Lumet still a lu­mi­nary

The Irish Times - Friday - The Ticket - - News -

Now 83, US di­rec­tor Sid­ney Lumet has been re­ceiv­ing his best re­views in decades for Be­fore the Devil Knows You’re Dead. Philip Sey­mour Hoff­man and Ethan Hawke head the fine cast as amoral brothers so des­per­ate for money that they con­spire to rob the jew­ellery store owned by their el­derly par­ents (Al­bert Fin­ney and Rose­mary Har­ris). What they have planned as a per­fect crime goes dis­as­trously wrong and leads to tragic con­se­quences in Lumet’s com­plex, com­pelling thriller.

Now on US re­lease, the film opens in the UK on Jan­uary 11th and here on Fe­bru­ary 1st. Lumet worked on TV drama be­fore he made an aus­pi­cious cin­ema de­but 50 years ago with 12 An­gry Men. He went on to di­rect such mem­o­rable movies as The Pawn­bro­ker, Fail-Safe, Ser­pico, Prince of the City, The Ver­dict, Daniel and Run­ning On Empty, and two of the out­stand­ing films of the 1970s, Net­work and Dog Day Af­ter­noon.

The Lon­don Ir­ish

Once di­rec­tor John Car­ney and Atone­ment ac­tress Saoirse Ro­nan are both Bri­tish, ac­cord­ing to the Lon­don Film Crit­ics Cir­cle. They have nom­i­nated Once, which was set and shot in Dublin, for best Bri­tish film of the year and short­listed Car­ney in the Bri­tish break­through (film-mak­ing) cat­e­gory.

Ro­nan also gets two nom­i­na­tions, as best sup­port­ing ac­tress and for Bri­tish break­through (act­ing).

Atone­ment and Con­trol top the list with eight nom­i­na­tions each, even though nei­ther is nom­i­nated for best film. The awards will be pre­sented on Fe­bru­ary 8th.

We like the look of your Globes

The Golden Globes film and TV awards will be car­ried live on TV in Ire­land and Bri­tain for the first time next month. Sky One will be­gin cov­er­age at mid­night on Sun­day, Jan­uary 13th, with an hour of chitchat on the red car­pet, fol­lowed by the awards cer­e­mony at 1am. The late hour is due to the eight-hour time dif­fer­ence be­tween here and Los An­ge­les.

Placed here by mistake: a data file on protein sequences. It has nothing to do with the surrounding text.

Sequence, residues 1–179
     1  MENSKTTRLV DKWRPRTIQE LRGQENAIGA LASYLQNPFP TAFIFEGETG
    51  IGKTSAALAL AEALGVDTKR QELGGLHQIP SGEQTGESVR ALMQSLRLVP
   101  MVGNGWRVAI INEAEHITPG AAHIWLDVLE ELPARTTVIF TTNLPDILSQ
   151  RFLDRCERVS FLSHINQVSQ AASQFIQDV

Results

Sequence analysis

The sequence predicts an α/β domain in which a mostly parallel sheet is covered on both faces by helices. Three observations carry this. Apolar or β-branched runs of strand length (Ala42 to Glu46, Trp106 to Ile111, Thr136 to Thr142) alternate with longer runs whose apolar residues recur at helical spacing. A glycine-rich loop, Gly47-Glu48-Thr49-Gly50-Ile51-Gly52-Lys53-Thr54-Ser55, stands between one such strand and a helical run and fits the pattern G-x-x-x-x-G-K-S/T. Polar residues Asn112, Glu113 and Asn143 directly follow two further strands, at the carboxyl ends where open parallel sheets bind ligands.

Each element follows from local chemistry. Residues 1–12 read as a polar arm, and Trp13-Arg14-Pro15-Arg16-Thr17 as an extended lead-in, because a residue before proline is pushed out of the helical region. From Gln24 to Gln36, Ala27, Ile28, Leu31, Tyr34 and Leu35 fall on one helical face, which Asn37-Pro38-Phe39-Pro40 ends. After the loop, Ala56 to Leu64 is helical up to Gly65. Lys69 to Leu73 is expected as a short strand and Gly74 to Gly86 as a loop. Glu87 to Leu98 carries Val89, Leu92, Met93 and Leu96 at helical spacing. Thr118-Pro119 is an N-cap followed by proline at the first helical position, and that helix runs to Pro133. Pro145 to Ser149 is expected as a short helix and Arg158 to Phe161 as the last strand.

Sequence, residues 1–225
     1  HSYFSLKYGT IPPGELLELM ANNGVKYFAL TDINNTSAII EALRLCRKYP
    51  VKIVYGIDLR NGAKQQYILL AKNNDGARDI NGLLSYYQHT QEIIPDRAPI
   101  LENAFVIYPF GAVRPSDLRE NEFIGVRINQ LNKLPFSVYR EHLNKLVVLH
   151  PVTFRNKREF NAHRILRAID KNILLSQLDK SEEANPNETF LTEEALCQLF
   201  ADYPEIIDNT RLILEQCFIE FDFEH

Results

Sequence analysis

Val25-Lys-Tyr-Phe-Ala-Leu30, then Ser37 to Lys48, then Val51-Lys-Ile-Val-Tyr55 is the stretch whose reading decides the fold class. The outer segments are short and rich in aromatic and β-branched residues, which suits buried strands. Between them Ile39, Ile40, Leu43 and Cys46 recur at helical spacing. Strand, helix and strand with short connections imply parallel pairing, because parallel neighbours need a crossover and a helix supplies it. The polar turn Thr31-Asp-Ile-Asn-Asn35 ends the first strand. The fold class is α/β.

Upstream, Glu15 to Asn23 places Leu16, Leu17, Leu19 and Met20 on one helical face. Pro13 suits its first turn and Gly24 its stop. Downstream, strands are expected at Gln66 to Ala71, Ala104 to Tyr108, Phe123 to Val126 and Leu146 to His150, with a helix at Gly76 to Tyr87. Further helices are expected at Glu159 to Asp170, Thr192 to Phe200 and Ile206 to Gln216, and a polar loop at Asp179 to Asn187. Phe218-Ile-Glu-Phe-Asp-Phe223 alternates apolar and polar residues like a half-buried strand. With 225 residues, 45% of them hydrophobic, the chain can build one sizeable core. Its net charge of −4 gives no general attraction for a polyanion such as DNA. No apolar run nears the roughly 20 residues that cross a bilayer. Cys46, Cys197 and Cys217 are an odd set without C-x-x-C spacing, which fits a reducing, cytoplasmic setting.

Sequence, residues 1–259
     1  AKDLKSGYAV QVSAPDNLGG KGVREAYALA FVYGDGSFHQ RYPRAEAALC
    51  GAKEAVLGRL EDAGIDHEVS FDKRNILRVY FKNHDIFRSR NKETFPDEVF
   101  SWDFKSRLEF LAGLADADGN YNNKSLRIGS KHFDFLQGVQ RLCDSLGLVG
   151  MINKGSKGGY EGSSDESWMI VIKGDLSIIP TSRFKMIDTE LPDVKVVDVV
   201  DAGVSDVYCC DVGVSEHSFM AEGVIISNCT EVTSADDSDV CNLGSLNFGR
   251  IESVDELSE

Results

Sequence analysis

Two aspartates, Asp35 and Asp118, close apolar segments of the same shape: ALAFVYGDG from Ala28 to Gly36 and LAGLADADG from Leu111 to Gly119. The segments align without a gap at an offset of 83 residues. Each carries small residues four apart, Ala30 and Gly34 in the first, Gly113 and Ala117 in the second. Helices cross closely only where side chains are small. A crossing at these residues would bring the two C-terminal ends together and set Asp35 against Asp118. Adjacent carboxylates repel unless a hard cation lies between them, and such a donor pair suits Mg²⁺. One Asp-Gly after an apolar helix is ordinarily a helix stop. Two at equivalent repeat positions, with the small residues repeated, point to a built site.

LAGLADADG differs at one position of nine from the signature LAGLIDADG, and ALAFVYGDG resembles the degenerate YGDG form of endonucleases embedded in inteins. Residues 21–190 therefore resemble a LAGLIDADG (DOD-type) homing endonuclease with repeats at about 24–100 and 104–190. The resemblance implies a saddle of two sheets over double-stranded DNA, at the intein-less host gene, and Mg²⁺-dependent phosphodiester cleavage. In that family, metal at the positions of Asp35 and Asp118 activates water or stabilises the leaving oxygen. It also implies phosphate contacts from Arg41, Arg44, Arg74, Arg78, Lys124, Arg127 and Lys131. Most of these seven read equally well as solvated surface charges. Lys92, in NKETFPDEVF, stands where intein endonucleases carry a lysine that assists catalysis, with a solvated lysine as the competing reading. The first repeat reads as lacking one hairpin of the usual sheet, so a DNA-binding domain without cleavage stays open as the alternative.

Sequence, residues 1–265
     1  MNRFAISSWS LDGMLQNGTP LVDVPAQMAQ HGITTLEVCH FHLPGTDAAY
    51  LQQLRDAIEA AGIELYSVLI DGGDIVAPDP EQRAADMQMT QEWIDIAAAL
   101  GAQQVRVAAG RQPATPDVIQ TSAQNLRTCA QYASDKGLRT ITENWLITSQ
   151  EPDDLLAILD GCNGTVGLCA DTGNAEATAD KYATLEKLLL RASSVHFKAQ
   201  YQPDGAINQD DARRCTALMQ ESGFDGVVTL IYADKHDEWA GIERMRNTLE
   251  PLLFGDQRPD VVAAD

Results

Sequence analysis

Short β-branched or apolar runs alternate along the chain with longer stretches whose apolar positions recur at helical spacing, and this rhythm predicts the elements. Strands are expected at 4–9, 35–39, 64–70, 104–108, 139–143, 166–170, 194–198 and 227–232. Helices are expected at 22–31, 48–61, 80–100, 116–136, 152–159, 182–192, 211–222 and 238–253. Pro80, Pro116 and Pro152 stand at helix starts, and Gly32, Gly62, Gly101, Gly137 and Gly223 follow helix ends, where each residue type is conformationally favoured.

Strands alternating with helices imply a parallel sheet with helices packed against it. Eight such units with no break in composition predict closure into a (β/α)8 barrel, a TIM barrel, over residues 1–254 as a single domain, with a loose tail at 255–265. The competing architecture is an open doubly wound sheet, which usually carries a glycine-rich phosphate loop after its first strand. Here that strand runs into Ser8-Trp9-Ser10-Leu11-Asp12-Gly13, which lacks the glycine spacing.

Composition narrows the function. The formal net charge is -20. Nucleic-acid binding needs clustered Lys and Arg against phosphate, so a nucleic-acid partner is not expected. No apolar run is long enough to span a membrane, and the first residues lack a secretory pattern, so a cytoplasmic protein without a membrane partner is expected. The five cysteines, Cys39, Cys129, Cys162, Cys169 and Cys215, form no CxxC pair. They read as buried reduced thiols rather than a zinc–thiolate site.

Atone­ment leads the field with seven nom­i­na­tions in the film cat­e­gories, in­clud­ing one for young Car­low res­i­dent Saoirse Ro­nan. The Mike Nichols movie, Char­lie Wil­son’s War, which opens here on Jan­uary 11th, has five nom­i­na­tions, in­clud­ing three in act­ing cat­e­gories for Tom Hanks, Philip Sey­mour Hoff­man and, in her first film for four years, Ju­lia Roberts.

The Golden Globes are pre­sented an­nu­ally by the Hol­ly­wood For­eign Press As­so­ci­a­tion. The group’s hon­orary prize, the Ce­cil B DeMille Award, will be pre­sented to Steven Spiel­berg. Mean­while, Sky Movies has ac­quired the rights to broad­cast the Academy Awards live for the fourth con­sec­u­tive year. Os­car night is Sun­day, Fe­bru­ary 24th.

Gil­liam’s latest imag­i­nar­ium

Not to be con­fused with Mr Mago­rium’s Won­der Em­po­rium, which is now on re­lease, The Imag­i­nar­ium of Doc­tor Par­nas­sus is the latest movie from re­li­ably quirky di­rec­tor Terry Gil­liam. Af­ter the dis­ap­point­ments of Gil­liam’s Tide­land and The Brothers Grimm, the good news is that the new project re­unites him with Charles McKe­own, his screen­writ­ing col­lab­o­ra­tor on Brazil.

The film, which started shoot­ing this month, fea­tures Christo­pher Plum­mer as Par­nas­sus, a man with an ex­tra­or­di­nary abil­ity to guide the imag­i­na­tion of oth­ers, which, af­ter all, is what the best film direc­tors do.

Par­nas­sus has a trav­el­ling theatre troupe and for cen­turies has been gam­bling with the devil, Mr Nick (Tom Waits). The cast also fea­tures Heath Ledger, Lily Cole, and one of the most promis­ing new ac­tors to emerge this year, Andrew Garfield, who played Robert Red­ford’s ap­a­thetic stu­dent in Li­ons for Lambs and was riv­et­ing as the child killer in John Crowley’s Chan­nel 4 film, Boy A.

Alice in Bur­ton-land

Tim Bur­ton plans to fol­low his mu­si­cal Sweeney Todd, due here on Jan­uary 25th, with an adap­ta­tion of the much-filmed Lewis Car­roll story, Alice’s Ad­ven­tures in Won­der­land. Bur­ton will use live ac­tion and com­puter-gen­er­ated an­i­ma­tion in the movie, which will be screened in 3D.

Cast­ing gets un­der way shortly, but Johnny Depp, who has starred in six Bur­ton pic­tures, must be a shoo-in to play the Mad Hat­ter. “It’s such a clas­sic and the im­agery is so sur­real,” Bur­ton says. “The sto­ries are like drugs for chil­dren.” Happy New Year. md­wyer@irish­

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